Defence against external threats is the raison d’etre for forming a military establishment. However, things don’t always go to plan, as has been proven by Mexico’s military. Instead of fighting against external enemies, Mexico’s military is embroiled in a civil war with the country’s drug cartels. It’s an battle with no apparent end in sight, and in which the very reason for bringing troops into the fray may well be their undoing.
Today, the ‘Mexican Armed Forces’ consist of the Mexican Army (MA), Navy (MN), and Air Force (MAF). In terms of manpower, “its total ranks are about 245,000, made up of volunteers and conscripts,” says Dr. Roderic Camp, a Professor of the Pacific Rim at Claremont McKenna College in California. The Mexican Army is equipped with Lynx 90 wheeled armoured vehicles, HMMWVs and AMX-VCI tracked armoured vehicles. The Navy has destroyers, frigates, missile boats, amphibious ships and patrol boats. The MAF is mainly equipped with helicopters and propeller-driven airplanes, with one squadron of 1960s-vintage F-5E/F jet fighters.
Entering The Drug War
The hunger of Americans for illicit drugs has long fueled the drug trade along the Mexican-U.S. border. Initially, this wasn’t a major problem compared to other areas of drug-related activity. However, government success in fighting drug smuggling in South Florida and the Caribbean has made the overland Mexican route critically important and profitable to drug traffickers. The result has been an upward spiral of violence in Mexican border states between rival drug cartels; made worse by drug-funded corruption of local police and government.
Historically, the Mexican military has been used to eradicate drugs. In the 1990s, they began taking a more overt role in drug interdiction. After President Vincente Fox took power in 2000, the military took on the task of capturing and opposing the drug traffickers; “although not with very much gusto,” Hooper comments.
Current President Felipe Calderón altered that policy in 2006 by sending mobile units to hot spot areas to combat crime and drug related violence. Today, some 45,000 Mexican troops are seizing drug shipments, destroying illegal crops, locating laboratories and battling with well-armed criminals – aided in their efforts by the MA and MAF. According to the Mexican Attorney General’s office, over 10,000 people have been killed since the troops were deployed.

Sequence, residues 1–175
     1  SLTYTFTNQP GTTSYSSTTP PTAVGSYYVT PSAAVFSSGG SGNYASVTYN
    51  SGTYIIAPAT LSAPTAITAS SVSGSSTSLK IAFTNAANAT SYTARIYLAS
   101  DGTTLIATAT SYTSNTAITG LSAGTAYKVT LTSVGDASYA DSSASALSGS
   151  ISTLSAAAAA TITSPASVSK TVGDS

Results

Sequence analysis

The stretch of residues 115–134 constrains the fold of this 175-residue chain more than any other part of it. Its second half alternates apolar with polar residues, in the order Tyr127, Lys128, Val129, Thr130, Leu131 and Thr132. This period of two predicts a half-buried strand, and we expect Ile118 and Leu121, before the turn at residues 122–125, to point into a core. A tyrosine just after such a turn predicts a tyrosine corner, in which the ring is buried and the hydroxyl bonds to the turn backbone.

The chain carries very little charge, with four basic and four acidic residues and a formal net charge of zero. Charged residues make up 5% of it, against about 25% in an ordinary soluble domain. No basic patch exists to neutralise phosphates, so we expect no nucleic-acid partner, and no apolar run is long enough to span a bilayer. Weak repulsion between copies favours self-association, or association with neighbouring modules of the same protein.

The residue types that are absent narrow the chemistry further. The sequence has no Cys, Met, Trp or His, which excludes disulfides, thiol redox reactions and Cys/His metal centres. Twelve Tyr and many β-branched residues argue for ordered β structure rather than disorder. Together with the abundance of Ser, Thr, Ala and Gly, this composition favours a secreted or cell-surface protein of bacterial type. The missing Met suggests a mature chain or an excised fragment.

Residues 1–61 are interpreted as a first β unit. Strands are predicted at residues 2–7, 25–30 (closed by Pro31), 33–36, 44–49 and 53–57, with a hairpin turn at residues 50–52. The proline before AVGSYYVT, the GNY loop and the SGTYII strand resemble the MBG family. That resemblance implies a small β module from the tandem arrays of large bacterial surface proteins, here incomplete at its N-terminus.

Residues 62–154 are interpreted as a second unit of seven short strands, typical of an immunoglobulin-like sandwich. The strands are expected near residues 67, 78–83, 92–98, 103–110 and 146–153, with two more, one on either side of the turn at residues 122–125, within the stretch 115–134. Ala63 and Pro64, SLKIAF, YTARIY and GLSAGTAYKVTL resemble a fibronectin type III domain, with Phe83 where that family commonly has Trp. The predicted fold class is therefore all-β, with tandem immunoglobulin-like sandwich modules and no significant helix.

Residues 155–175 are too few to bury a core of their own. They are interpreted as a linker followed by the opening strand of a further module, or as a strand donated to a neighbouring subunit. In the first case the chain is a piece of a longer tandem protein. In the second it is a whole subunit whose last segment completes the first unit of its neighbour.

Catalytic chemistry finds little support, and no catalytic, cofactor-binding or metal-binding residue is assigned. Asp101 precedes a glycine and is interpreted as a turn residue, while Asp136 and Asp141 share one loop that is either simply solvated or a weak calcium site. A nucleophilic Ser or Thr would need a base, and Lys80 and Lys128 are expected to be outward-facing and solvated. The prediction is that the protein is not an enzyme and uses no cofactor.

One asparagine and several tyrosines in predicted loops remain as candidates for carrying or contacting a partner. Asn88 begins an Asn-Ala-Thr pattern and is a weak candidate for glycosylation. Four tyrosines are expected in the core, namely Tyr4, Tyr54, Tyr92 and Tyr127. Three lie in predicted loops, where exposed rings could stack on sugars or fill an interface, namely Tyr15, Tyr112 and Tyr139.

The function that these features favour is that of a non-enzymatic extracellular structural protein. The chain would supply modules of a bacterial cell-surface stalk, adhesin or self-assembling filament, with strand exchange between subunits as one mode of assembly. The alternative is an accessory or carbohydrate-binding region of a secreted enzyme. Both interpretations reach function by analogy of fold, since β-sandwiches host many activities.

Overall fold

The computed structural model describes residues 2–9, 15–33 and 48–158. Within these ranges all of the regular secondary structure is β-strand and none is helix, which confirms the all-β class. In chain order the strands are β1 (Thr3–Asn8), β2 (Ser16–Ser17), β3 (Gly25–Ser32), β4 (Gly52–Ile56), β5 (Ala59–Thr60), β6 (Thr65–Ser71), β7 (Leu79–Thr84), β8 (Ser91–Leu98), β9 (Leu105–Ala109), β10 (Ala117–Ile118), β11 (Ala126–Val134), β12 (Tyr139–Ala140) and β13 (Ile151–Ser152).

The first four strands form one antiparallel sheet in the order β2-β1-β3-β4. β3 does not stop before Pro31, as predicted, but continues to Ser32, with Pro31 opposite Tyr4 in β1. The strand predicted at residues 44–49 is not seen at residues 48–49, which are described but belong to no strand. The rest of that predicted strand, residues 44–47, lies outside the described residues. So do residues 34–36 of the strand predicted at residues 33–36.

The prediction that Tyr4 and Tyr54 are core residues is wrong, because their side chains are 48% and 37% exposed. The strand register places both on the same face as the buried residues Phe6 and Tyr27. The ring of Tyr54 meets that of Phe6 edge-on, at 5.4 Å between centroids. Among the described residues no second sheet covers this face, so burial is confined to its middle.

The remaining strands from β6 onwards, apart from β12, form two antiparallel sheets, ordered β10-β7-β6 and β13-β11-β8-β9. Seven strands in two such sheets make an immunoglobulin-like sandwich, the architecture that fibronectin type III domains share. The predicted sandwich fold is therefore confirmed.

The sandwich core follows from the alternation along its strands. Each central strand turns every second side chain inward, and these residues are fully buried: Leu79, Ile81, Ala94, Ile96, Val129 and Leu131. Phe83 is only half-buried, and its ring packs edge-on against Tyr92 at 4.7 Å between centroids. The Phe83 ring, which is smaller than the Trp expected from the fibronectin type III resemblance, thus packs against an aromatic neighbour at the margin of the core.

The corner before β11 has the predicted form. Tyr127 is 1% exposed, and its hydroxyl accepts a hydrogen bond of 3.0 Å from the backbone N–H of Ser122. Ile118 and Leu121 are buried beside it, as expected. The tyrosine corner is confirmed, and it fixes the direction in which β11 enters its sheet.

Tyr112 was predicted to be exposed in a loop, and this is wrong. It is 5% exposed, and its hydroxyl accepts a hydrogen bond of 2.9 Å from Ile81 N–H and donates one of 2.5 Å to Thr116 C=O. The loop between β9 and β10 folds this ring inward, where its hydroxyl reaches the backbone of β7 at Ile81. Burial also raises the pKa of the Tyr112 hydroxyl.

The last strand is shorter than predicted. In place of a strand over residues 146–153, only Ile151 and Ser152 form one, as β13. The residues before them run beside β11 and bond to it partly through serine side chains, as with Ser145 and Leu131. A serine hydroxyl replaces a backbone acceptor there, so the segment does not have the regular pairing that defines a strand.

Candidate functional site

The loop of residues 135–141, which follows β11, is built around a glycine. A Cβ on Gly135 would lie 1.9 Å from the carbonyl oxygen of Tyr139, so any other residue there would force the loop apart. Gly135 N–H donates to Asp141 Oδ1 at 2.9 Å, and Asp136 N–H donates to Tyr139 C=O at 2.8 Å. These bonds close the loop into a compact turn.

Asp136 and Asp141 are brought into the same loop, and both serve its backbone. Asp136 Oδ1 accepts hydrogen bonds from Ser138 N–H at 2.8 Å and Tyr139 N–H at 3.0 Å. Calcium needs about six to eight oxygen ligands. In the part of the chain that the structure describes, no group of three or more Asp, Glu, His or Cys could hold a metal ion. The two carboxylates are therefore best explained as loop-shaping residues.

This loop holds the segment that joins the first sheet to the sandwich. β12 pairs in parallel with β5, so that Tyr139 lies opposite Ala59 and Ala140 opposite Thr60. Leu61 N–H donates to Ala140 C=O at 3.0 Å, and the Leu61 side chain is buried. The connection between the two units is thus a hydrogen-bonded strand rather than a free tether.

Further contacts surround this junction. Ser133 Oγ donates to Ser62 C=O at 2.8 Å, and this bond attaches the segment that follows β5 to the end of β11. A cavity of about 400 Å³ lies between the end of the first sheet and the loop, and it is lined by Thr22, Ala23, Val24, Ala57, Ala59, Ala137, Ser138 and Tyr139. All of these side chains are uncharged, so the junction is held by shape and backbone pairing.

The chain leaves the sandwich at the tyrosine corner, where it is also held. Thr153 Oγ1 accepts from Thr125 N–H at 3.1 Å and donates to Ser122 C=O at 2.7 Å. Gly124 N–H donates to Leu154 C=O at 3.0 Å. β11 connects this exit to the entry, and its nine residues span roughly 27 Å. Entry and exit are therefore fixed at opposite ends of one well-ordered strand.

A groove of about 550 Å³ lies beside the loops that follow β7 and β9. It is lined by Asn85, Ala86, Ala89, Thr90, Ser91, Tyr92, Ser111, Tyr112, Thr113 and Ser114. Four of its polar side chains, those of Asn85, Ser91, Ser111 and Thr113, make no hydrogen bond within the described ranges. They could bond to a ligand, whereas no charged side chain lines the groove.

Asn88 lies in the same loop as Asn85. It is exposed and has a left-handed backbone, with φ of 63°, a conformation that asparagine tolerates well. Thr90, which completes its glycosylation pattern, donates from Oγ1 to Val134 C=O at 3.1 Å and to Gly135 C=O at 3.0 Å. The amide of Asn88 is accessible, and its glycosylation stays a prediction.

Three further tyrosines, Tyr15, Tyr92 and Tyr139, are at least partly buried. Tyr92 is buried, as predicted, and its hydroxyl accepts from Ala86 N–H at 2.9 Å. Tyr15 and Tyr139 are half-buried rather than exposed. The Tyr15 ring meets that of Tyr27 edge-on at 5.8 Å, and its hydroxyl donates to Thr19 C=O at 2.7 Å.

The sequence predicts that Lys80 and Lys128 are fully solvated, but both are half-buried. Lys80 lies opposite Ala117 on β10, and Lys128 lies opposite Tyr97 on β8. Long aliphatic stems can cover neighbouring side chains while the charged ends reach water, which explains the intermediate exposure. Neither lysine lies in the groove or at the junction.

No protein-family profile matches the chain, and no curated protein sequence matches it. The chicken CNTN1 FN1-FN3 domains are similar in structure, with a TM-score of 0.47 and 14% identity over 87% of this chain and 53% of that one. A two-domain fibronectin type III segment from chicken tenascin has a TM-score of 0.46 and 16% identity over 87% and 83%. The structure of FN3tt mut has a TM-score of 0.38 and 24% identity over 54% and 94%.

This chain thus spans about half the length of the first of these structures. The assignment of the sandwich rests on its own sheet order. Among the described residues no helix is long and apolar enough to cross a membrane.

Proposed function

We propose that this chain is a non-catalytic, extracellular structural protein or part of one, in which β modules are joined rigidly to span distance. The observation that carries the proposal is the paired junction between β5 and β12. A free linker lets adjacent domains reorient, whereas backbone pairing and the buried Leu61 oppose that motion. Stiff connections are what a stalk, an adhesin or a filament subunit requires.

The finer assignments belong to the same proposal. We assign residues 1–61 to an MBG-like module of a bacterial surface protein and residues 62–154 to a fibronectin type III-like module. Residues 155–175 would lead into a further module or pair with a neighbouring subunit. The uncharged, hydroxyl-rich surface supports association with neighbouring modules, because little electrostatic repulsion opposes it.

“President Calderón brought in the military because they are the least corrupt arm of the government,” says Hooper. “Essentially, the army was brought in to do law enforcement’s job, because local police have been thoroughly corrupted by the drug cartels and their deep pockets.”
Results to Date
The growing violence in Mexico’s drug war is frightening American legislators. They fear that the bloodshed underwritten by U.S. illicit drug buyers will cross the Mexican border and come north.
Ironically, the increase in violence is a “sign of success,” says Karen Hooper. “The Mexican military has succeeded in disrupting the alliances between the cartels, and has made life much harder for them. As a result, they are fighting amongst themselves, trying to muscle in on each other’s territory. Unfortunately the public tends to get in the crossfire, due to the open street violence and the collapse of law enforcement.”
“Calderón is attempting to atomize the leading cartels into approximately 50 smaller units, having already increased the original four to eight,” says Dr. Camp. “This should make them easier to defeat on an individual basis. Of course, the problem is that the gap left by one defeated group of drug smugglers is quickly taken by another, because the appetite for drugs remains.”
Threats and Challenges
For the troops, fighting the drug dealers and their well-armed thugs is a dangerous proposition. What makes it even more dangerous is when the ‘bad guys’ are former military themselves.